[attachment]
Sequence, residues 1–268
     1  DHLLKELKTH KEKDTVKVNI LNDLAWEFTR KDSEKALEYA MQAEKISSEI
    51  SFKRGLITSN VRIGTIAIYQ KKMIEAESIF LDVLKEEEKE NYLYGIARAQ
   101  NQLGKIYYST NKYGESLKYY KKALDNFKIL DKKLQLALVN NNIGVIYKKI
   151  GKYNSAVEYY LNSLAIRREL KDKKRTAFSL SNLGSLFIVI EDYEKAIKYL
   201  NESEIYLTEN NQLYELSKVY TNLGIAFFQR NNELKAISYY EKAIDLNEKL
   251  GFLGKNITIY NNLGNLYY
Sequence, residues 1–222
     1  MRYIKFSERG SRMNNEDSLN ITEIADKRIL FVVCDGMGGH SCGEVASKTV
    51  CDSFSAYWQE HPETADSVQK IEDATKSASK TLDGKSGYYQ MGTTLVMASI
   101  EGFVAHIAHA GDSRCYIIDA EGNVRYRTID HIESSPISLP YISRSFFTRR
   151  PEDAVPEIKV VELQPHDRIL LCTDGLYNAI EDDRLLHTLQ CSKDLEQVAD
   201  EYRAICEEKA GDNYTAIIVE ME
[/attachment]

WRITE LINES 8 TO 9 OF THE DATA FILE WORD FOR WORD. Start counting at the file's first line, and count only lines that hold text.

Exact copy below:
Sequence, residues 1–222
     1  MRYIKFSERG SRMNNEDSLN ITEIADKRIL FVVCDGMGGH SCGEVASKTV